Thursday, May 25, 2017

4x4 Jeep Trail off of Coal Road/ Cold Spring Bald Mountain Trail (FR 162)

The Cold Spring Bald Mountain Trail (FR 162) also known as the Coal Road 4x4 Jeep Trail has access points from the Blue Ridge Parkway Bald Mountain Overlook MP 22.1 and Coal Road. The Blue Ridge Parkway is the top of the trail, and Coal Road is the bottom. 

Here's a link to the trail on Google Maps to help you find it.

I have a lot of young drivers new to 4WDing asking me about this road. Please be patient as I add info for them. My goal is to share something we enjoy and also keep the newbies as safe as possible. 

This trail can be done in a stock Jeep. If you have that clearance and 4WD, you should not have a problem. We did it in a 1999 4WD Suburban which we also use on our farm. 

Conditions change from day to day, year to year. Keep that in mind. The trail is closed in the winter months. The trail is rocky with some muddy and some sandy areas. We have been when the boulders that make up parts of the width of the road were slick with algae. 

When you talk about difficulty, that seems subjective based on experience. We did not find this trail difficult or even moderate. Our trip was after a rain, and there was one mud puddle about as long as our suburban. It was deep enough to cause a few seconds of concern, but Clint got us through it. 

You do get jostled around because it is rocky and uneven. You do need to know about off camber turns, clearance, center of gravity, how 4WD traction works, differentials, etc. 

We took the main trail and did not have any major issues with clearance or with the width of the road. 


 photo IMG_6393_zpsduuajbao.jpg
The license plate is a victim of a forest 4WD adventure and 
is on the dashboard in the window.

This link should take you to my album of pictures of the trail. We did not take the alternate trails. We also did not get to stop at the clearing with Green Pond on this trip. We were trying to get through before a thunderstorm and get back to camp before dark. So, I was not able to get pictures of those places. 

There are pit vipers when the weather is warm. Be aware of that if you decide to go behind bushes to use nature as a restroom. I do not like snakes, spiders, or ticks. We simply waited until we had the trail to ourselves and took turns in a clearing right next to the trail with the Suburban blocking the view, just in case. You can hear the trucks coming most of the time.

If you do not stop and stick to the main trail, you can get through the trail in under two and a half hours. We stopped briefly for overlooks, pictures, and to use the restroom. We got through it in just under three. We had been told the minimum time to get through it was six hours. They may have taken alternate trails and/or longer breaks. You need to go as slow as possible and as fast as necessary. Off-roading is hard on a vehicle.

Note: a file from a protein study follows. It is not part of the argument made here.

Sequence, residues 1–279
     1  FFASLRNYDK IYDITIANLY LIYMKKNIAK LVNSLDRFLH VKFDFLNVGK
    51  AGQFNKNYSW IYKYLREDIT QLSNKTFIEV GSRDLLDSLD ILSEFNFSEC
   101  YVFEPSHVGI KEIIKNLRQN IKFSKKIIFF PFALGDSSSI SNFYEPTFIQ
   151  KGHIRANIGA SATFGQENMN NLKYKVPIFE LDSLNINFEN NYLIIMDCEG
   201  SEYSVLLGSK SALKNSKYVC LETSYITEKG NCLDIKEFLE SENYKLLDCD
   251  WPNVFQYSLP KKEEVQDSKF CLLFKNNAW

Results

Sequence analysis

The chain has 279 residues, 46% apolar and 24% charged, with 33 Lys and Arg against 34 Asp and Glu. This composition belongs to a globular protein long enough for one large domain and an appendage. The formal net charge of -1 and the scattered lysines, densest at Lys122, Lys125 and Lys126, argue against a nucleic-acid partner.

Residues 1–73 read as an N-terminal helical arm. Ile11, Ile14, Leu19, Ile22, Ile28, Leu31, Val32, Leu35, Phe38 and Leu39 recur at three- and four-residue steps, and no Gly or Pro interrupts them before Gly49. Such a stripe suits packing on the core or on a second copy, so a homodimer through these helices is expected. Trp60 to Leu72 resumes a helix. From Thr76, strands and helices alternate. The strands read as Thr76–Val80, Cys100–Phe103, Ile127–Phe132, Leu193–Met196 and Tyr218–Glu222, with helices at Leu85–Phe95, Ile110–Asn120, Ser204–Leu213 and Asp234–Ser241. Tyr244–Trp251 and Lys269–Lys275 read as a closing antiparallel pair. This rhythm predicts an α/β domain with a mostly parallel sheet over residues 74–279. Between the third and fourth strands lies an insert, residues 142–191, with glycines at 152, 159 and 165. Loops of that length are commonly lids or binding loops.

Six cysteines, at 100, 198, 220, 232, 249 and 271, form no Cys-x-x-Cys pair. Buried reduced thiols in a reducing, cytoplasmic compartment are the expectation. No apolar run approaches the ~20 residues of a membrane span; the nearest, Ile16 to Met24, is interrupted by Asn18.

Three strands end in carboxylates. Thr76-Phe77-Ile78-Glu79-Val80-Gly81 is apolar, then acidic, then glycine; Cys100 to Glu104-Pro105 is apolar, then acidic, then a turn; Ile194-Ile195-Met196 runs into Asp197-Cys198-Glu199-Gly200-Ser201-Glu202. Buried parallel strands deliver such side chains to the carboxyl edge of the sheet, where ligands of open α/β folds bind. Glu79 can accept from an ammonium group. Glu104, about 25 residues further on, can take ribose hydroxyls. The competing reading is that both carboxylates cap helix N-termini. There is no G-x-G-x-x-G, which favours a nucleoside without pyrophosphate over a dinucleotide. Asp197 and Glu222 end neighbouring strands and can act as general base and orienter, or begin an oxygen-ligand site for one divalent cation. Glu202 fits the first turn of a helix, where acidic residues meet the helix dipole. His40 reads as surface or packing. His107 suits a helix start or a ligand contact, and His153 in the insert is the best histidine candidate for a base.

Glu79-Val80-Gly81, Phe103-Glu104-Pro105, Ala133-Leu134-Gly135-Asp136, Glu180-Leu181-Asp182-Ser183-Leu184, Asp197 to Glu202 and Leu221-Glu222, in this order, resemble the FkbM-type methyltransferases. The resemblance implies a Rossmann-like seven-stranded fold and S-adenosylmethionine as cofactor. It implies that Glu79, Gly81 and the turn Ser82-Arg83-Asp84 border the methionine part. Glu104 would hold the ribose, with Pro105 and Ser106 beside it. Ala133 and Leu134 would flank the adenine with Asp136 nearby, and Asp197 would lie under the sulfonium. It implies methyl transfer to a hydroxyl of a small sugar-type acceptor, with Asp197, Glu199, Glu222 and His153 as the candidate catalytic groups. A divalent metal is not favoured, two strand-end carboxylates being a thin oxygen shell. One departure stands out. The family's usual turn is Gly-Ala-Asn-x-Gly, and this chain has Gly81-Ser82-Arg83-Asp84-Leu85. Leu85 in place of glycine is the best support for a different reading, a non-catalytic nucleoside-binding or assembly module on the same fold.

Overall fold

I recommend going up the trail for the first visit for inexperienced drivers. There are a series of switchbacks and some off camber turns. 

The standard recommendation is to go with another person or a group. This is helpful if you break down or get stuck. If you can't go with someone else, go earlier in the day. That ensures someone will come across you before nightfall.

There is really only one place you could benefit from having a spotter to get over a particular set of boulders, but there is an easy drive around for this spot. 

Take vehicle repair tools, a spare tire, snacks, water, and anything else you might pack for a day trip. On this trip, we saw lots of fathers with children, but no other women driving or riding in 4x4s besides me and my daughter. There are local firemen who frequent the trail in their own personal vehicles. They've been on the trail every time we've gone. We've found them to be a jovial, friendly, and helpful bunch.

There are loose rocks, stream fed puddles, hikers, bikers, and other vehicles. There may be tent campers in some of the camping areas.

There are blind curves, and the trail is fairly narrow in spots. You might have to back up a ways to find a place to make room for someone to pass. You might have to patiently crawl along as hikers make their way to a place wide enough you can pass them. We've even seen a couple walking their hyper dogs. Brush is thick and leaves light "pin-striping," but it buffs out. I've been told the alternate trails can leave permanent pin-striping from the rocks.

It CAN be dangerous. We have seen an accident that had the road shut down for a few hours. However, I feel like we are in more danger in heavy 70 mph traffic on the interstate than on this trail. 

I hope this helps someone enjoy the trail! Have fun, and please share a picture of your experience!

When we go again, I hope to have more pictures to add to the album.